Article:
Weiss Assoc., Inc. v. HRL Assoc., Inc., 902 F.2d 1546 (Fed. Cir. 1990) (emphasis added). Thus it does not apply here. In fact, in Girl Scouts the Southern District of New York rejected transient confusion as proof of trademark harm in a social-commentary context:
Even if we hypothesize that some viewers might at first believe that the subject of the poster is actually a pregnant Girl Scout, it is highly doubtful that any such impression would be more than momentary or that any viewer would conclude that the Girl Scouts had printed or distributed the poster.
304 F. Supp. at 1231. As the Girl Scouts court recognized, ephemeral moments of confusion that do not threaten to divert sales are not evidence of actionable harm under the Lanham Act. Real harm must be shown to overcome the constitutional protection of free speech:
No evidence is found anywhere in the record before the court that the poster has to date damaged the plaintiff in any way. No facts are presented to show that contributions to the organization have fallen off, that members have resigned, that recruits have failed to join, that sales . . . have decreased, or that voluntary workers have dissociated themselves or declined to support the honorable work of the organization.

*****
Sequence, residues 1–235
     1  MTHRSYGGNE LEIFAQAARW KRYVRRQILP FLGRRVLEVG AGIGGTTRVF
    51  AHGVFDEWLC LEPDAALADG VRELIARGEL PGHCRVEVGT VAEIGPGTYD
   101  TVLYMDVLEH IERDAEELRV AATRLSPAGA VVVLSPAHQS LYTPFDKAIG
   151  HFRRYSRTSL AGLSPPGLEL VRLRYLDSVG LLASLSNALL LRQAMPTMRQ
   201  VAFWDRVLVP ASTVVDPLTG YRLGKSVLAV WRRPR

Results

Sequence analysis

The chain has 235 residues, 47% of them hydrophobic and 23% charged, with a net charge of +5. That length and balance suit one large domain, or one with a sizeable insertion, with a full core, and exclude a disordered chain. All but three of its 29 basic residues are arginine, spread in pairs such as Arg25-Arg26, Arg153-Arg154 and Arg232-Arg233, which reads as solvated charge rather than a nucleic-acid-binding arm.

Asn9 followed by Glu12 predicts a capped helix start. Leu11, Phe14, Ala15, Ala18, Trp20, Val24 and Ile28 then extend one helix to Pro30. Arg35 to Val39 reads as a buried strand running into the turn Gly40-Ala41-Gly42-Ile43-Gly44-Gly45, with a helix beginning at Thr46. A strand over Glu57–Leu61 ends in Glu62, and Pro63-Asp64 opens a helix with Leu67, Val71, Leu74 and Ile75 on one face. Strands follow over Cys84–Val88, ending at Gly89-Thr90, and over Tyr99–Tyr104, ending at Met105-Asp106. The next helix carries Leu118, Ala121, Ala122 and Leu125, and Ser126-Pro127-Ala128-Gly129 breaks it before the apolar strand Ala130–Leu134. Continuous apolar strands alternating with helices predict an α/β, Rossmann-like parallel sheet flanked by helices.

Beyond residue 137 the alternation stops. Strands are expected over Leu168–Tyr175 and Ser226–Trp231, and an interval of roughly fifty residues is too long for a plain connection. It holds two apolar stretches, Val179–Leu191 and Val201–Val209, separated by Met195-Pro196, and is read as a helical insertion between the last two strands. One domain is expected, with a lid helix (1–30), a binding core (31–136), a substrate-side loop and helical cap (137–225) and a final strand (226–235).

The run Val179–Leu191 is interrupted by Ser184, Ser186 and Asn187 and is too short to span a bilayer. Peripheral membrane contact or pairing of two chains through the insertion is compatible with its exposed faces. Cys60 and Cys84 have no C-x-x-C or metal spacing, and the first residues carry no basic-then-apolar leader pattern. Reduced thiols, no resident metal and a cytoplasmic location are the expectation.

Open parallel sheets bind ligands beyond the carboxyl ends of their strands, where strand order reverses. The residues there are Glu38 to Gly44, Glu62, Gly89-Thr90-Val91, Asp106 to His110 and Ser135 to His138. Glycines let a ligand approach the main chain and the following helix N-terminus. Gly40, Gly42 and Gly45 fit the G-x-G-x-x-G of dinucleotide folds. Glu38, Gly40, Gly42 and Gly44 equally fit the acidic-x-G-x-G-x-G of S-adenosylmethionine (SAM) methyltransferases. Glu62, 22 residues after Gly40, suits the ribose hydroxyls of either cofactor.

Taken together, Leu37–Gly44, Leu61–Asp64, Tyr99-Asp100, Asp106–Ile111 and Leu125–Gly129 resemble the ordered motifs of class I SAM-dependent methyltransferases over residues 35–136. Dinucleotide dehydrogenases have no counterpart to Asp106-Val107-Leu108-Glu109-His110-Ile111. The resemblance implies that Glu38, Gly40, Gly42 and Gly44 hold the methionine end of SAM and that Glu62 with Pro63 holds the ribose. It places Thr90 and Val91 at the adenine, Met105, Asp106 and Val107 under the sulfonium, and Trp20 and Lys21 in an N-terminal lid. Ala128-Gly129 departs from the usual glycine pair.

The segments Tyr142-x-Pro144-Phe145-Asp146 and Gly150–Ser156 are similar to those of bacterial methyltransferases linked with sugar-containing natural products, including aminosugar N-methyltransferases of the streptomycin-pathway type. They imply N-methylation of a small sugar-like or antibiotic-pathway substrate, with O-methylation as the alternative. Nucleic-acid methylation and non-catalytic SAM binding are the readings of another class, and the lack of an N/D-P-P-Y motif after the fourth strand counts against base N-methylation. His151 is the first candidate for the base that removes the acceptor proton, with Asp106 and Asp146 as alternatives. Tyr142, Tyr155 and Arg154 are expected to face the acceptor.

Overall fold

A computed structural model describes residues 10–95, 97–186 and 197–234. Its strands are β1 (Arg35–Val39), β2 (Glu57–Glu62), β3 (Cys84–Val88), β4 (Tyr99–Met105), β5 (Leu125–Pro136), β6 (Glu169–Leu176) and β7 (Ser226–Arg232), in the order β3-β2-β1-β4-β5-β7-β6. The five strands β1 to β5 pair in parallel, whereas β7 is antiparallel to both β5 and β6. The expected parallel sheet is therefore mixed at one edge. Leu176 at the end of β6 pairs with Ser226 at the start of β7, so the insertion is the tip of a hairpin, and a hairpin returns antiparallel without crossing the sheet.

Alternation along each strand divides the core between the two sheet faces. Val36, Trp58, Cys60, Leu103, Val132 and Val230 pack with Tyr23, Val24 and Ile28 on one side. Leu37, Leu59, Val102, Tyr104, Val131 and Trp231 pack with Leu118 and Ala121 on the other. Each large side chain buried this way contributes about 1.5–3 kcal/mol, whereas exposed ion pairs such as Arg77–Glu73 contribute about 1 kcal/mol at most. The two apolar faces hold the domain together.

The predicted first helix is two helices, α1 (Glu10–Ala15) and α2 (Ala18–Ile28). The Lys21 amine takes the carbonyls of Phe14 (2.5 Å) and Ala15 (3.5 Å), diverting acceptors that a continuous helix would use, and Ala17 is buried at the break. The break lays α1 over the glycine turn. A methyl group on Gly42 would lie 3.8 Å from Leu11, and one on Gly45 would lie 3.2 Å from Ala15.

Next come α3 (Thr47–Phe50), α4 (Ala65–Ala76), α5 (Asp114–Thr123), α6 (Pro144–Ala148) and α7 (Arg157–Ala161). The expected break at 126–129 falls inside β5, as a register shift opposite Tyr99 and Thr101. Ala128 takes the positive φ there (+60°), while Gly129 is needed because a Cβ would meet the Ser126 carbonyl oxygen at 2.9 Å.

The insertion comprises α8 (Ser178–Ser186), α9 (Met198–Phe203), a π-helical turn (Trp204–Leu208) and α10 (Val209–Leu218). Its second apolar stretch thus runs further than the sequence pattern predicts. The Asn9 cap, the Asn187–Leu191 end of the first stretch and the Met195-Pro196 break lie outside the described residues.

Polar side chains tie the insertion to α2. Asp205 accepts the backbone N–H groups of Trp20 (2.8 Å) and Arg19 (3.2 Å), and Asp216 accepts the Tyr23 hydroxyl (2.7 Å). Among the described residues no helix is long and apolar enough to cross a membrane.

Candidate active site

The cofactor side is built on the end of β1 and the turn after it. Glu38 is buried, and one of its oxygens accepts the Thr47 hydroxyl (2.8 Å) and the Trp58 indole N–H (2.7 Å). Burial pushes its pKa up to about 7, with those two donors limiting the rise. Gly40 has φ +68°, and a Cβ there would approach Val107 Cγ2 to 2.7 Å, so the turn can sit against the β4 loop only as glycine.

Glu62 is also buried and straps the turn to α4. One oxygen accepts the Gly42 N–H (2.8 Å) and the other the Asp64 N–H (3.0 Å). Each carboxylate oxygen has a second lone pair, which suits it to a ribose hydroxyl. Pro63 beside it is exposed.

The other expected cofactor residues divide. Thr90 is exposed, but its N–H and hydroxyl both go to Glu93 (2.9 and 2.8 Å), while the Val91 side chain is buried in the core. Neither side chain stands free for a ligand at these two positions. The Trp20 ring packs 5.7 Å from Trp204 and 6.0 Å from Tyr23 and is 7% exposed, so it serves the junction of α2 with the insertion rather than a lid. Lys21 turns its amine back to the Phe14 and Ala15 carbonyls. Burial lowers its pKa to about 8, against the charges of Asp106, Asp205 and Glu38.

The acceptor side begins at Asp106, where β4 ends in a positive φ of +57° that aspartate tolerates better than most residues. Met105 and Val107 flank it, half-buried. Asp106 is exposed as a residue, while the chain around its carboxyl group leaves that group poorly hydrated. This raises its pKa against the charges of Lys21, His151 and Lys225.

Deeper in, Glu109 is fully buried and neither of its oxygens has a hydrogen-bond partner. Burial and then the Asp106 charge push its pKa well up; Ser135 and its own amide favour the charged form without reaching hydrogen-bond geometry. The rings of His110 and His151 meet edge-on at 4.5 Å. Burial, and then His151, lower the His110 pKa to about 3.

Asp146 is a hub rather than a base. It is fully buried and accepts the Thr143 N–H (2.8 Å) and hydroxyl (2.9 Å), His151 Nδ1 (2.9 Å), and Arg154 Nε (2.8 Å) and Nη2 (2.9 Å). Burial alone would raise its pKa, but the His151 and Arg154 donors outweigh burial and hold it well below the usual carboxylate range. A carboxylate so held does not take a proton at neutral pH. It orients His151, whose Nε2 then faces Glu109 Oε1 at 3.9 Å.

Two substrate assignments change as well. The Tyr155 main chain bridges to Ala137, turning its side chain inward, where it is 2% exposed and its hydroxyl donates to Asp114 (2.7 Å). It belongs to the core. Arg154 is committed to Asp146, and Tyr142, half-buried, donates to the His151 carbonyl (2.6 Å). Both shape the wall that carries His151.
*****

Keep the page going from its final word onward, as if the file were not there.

Id. at 1235. Similarly, there is no evidence in this case of any actionable or even discernible harm that appellee has suffered as a result of Mr. Brodsky’s website. Even the court below admitted that the publicity surrounding this dispute was, far from harmful, undoubtedly a boon for appellee. A436-37. And all three supposedly confused affiants found their way to appellee’s website, undeterred by Steven Brodsky and more zealous than ever in their devotion to appellee. In fact, their reports to appellee negate the suggestion of confusion; again from Girl Scouts:
[I]ndignation is not confusion. To the contrary, the indignation of those who [reported the offending use] would appear to make it clear that they feel that the Girl Scouts are being unfairly put upon, not that the Girl Scouts are the manufacturers or distributors of the object of indignation.
Id. at 1231. This passage perfectly describes the three “confusion” affidavits here: indignant, yes, but certain that appellee was not the source of Mr. Brodsky’s website. They were not confused.
They were not confused. Unfortunately, a lot of people were, and are–about what the Lanham Act is, and is not, meant to protect, and don’t get this key point: Indignation is not confusion. We can survive that, as long as too many of them aren’t judges.
It’s a good bet, as Whistle Blower suggests, that Google will get a better hearing than lone idealist Steve Brodsky did in his case, and not just because it is better heeled. (My old firm, Pitney Hardin, handled the Brodsky litigation pro bono.) And the issues are somewhat different.